Doris Aiken was 51 years old when she started Remove Intoxicated Drivers (RID), an organization that began in her home in Schenectady and took root across America.
That was back in the 1970s, when in most cases, it was not a crime to drive drunk and kill a human being.
Aiken became a leader in an anti-drunken driving movement that changed American society.
“I was just following my heart in drawing attention to a system that was routinely failing the victims of drunken drivers,” she says in the latest issue of the RID newsletter.
Aiken, who is now a 90-year-old grandmother, is still president of the organization, its advisor and a voting member of the RID board. This fall, she passed the day-to-day duties to her
son William Aiken. Her daughter Jane Wyatt Aiken is the newsletter editor and manages the accounting and mailing list. Doris’ husband, William S. Aiken Sr., who was vice president
and general manager of RID, died in 2004.
Doris launched her campaign on Dec. 5, 1977 after she saw a story in The Daily Gazette about a horrible accident in Glenville.
Karen and Timothy Morris, ages 17 and 19, were hit by a driver who was drunk at the wheel with an open can of beer between his knees. Timothy was killed instantly. Karen died 48
hours later at Ellis Hospital.
When Doris contacted the district attorney’s office, she found out that the driver would not go to jail or lose his license. It was only an accident, she was told.
With the help of her church, Unitarian Universalist Society of Schenectady, in 1978, Doris put together a group that became RID, America’s first anti-drunken driving organization.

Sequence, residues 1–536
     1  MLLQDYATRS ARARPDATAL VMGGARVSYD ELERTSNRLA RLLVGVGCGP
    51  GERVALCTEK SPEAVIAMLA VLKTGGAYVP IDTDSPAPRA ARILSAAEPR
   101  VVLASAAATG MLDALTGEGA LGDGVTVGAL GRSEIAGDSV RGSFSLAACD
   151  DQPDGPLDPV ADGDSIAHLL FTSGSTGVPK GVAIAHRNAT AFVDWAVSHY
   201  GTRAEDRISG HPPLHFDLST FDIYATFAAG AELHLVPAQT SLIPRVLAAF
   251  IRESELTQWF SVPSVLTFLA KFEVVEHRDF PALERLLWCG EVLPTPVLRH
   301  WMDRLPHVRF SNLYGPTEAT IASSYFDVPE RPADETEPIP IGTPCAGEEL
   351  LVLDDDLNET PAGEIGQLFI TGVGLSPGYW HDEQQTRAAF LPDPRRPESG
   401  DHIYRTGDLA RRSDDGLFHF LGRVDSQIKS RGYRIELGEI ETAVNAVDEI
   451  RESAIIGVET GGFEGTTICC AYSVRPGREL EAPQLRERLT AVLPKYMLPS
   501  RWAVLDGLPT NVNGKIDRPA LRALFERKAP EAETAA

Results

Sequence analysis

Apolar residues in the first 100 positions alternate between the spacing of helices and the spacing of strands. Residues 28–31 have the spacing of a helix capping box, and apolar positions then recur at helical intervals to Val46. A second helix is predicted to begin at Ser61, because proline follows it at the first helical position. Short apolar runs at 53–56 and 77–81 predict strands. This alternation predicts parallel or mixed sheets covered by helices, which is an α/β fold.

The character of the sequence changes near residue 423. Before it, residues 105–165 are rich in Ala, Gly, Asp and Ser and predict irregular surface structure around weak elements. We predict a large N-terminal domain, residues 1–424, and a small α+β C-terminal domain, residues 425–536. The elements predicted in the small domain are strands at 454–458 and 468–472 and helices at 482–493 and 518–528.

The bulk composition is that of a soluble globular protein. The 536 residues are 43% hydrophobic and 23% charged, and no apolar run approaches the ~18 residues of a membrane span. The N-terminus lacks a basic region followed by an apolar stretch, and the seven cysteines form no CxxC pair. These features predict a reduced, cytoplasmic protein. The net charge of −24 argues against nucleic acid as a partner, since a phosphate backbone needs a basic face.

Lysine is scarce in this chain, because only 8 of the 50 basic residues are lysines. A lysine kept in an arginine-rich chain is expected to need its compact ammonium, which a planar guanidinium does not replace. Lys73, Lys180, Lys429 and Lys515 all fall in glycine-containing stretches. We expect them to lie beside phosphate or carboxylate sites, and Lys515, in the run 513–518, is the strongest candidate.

By 1983, RID had 130 chapters in 30 states.
Today, the non-profit RID USA Inc. has 35 chapters in 25 states that operate autonomously.
RID has never taken money from the alcohol industry and is funded entirely through its book and video sales, charitable donations and grants.
When it comes to the cause, Doris remains as passionate as ever.
Earlier this month, The Gazette visited Doris and her son in their home near Ellis Hospital, which for 38 years has also been the headquarters for RID.
Faith in people
A gracious woman with pale ginger hair, Doris was eager to talk about RID and the volunteers that keep it going.
“I feel very grateful to have the opportunity to make a difference. And I’m proud about the people I got to know. All different kinds of people,” she says.
Looking forward, Doris says she has faith that younger generations will keep the fight going and change attitudes even more.
“I feel very confident that we’re going to get rid of the drunk driving menace in this country as well as other countries,” she says.
Young people and drunk driving is one of her special interests.
“We have a high level of young people being killed. It’s difficult for young people to grasp that,” she says.
“They have an obligation, no matter how terrific the next beer party is, to just say ‘no.’ ”
Young people can be the “leaders in the new growing field of people who do not drink and drive,” she says. “And when that happens, we’re going to see
fewer mangled cars and fewer broken hearts. These accidents with young people need never happen.”
And parents must be the role models, she says.
“We shouldn’t let our children get the idea that it’s really cool to go to a drinking party.”
When you host a party, look out for people who are drinking too much and make sure their spouse, partner or friend knows that that person won’t be able
to drive home, she advises.
“You have an obligation to report anyone who is inebriated on the road or if they are going to leave your house from a party.”
Another party tip is to pick a family member who can drive someone home if needed.
“That’s what a host has to do. You have to love your guests and take care of them if you are going to serve drinks.”
For more information about RID, go to www.rid-usa.org or phone 888-283-5144.
Reach Gazette reporter Karen Bjornland at 395-3197, firstname.lastname@example.org or on Twitter @bjorngazette.